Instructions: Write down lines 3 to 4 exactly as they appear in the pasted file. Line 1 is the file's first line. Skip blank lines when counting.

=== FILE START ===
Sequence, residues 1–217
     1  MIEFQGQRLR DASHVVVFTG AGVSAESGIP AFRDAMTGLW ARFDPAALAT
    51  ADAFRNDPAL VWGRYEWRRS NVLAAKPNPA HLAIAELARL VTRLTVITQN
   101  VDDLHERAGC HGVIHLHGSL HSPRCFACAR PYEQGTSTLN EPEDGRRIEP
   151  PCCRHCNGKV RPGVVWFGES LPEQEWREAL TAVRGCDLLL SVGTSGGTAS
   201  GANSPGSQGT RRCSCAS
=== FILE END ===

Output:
    51  ADAFRNDPAL VWGRYEWRRS NVLAAKPNPA HLAIAELARL VTRLTVITQN
   101  VDDLHERAGC HGVIHLHGSL HSPRCFACAR PYEQGTSTLN EPEDGRRIEP